The many new models  constitute tools which will help ensure a much better understanding of the performance and service life to be expected in relation to the various components of the wind turbine.

“The development of the models is based on a  wish to describe the underlying multi-physical conditions, i.e. heat transfer and  thermodynamical, solid, fluid, and material-mechanical issues, and this requires strong collaboration between the different sections here at the department,” says Jesper Hattel, Professor, leader of the REWIND centre and Head of Section of Manufacturing Engineering.

Modelling and new test facilities
To ensure that models for material  behaviour are as accurate as possible under different conditions and loads, it is essential that they are adjusted according to the information gathered from experiments and test set-ups.  DTU has established a unique facility for this purpose, i.e. the CASMaT, Villum Center for Advanced Structural and Material Testing, at DTU, where materials and components can be studied—ranging from full-scale level tests on, for example, wind turbine blades, to tests at micro-scale and nano-scale level in connection with electron microscopy.

“The Villum Center is an important element in the overall picture,” says Christian Niordson, Professor and Head of Section of Solid Mechanics. “Here we can carry out full-scale tests of the components and subject them to heavy loads to get insight into fracture mechanisms and mechanical properties.”

CASMaT: Test setup with a wing from a windturbine. Photo: Flemming Jørgensen.

As part of the collaboration, the researchers will also have access to the new facilities in Lund, ESS, and MAX IV, which will increase the possibilities of adapting the materials models developed at DTU based on validation of all scales  from atomic  to micro-level.

“The large international wave within materials research is integrated computational materials engineering, which means that you increase the use of materials modelling for designing materials from atomic level to macro-scale level to reduce the use of the trial and error methods, which was previously the standard procedure for development of new materials and processing into new products,” says Marcel Somers, Professor and Head of Section for Materials and Surface Engineering.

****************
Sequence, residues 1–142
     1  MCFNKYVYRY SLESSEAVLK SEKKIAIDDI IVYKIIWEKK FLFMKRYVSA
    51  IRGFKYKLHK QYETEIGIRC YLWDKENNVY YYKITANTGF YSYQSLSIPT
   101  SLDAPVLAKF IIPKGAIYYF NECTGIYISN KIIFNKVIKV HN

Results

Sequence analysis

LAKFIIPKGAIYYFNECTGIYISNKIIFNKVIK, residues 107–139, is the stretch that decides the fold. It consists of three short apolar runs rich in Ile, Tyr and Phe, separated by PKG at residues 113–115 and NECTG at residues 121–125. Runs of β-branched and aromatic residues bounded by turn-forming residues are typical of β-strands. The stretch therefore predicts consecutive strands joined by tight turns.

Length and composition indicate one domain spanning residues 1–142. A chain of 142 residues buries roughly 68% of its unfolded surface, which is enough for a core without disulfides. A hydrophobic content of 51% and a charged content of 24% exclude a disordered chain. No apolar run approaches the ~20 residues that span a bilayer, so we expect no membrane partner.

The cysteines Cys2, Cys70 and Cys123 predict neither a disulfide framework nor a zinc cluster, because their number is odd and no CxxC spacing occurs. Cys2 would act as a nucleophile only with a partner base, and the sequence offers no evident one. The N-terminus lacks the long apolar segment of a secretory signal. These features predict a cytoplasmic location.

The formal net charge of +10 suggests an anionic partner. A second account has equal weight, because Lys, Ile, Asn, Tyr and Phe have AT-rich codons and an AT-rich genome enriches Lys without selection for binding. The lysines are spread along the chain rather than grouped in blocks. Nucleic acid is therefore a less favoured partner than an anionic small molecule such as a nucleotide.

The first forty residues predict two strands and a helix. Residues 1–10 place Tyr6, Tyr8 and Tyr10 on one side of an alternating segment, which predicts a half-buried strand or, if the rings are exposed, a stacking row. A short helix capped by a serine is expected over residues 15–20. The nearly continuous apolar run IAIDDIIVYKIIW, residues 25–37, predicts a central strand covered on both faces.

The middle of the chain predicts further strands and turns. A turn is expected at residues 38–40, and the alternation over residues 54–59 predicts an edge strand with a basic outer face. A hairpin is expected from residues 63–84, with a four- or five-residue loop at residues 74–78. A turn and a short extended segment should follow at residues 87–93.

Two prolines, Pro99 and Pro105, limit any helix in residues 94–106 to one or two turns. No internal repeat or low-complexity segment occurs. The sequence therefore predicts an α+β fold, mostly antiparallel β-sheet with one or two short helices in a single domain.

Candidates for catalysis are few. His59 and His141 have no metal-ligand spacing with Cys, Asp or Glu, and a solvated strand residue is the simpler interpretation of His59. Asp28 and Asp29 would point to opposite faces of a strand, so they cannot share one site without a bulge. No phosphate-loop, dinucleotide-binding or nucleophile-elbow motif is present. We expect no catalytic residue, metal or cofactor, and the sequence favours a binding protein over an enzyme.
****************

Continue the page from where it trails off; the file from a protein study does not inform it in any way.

“This requires that we have reliable materials models, which is why theyare in focus; experimental test facilities such as CASMaT, ESS, and MAX IV are indispensable for the validation and optimization of the numerical models.”

Digitalization and modelling
Once the materials models have been developed, they can be used to predict how a material will behave under certain manufacturing conditions, and later how the manufactured component behaves under different loads when it has been taken into use. This chain constitutes a key part of what is known as the component’s digital twin.

“The three sections MPP, MTU, and FAM look at the physical product and the digital representation of it using the numerical models,” says Jesper Hattel. “The manufacturing at system level with the description of product flow and the associated planning, on the other hand, is handled by P&K as well as DTU Management Engineering. We look at the production chain, i.e. from manufacturing where design, materials, and production methods are chosen, to the actual manufacturing and use of the product or the component.”

Integreret modellering
llustration of the physical and digital twin part, illustration by Professor Jesper Hattel.

When talking about the digital twin, it is not only in relation to the component or product itself, but the entire context of which it forms part. Therefore, there is wide scope for materials modelling in connection with digitalization of the manufacturing industry. An overview of the manufacturing process in real time can be provided by incorporating new designs on a regular basis and testing designs and components virtually before they are manufactured and put into service, and the manufacturing itself can be adjusted as faults are detected.

Facts about CASMaT
CASMaT, Villum Center for Advanced Structural and Material Testing, is a partnership between DTU Mechanical Engineering, DTU Wind Energy, and DTU Civil Engineering.
The establishment of the test centre was funded by a DKK 76 million donation from VILLUM FONDEN. The centre equipment partly consists of equipment donated by VILLUM FONDEN and partly of existing DTU equipment. DTU and the Danish Building and Property Agency provide funding for the two new buildings constructed at Lyngby and Risø campuses. Read more about CASMaT.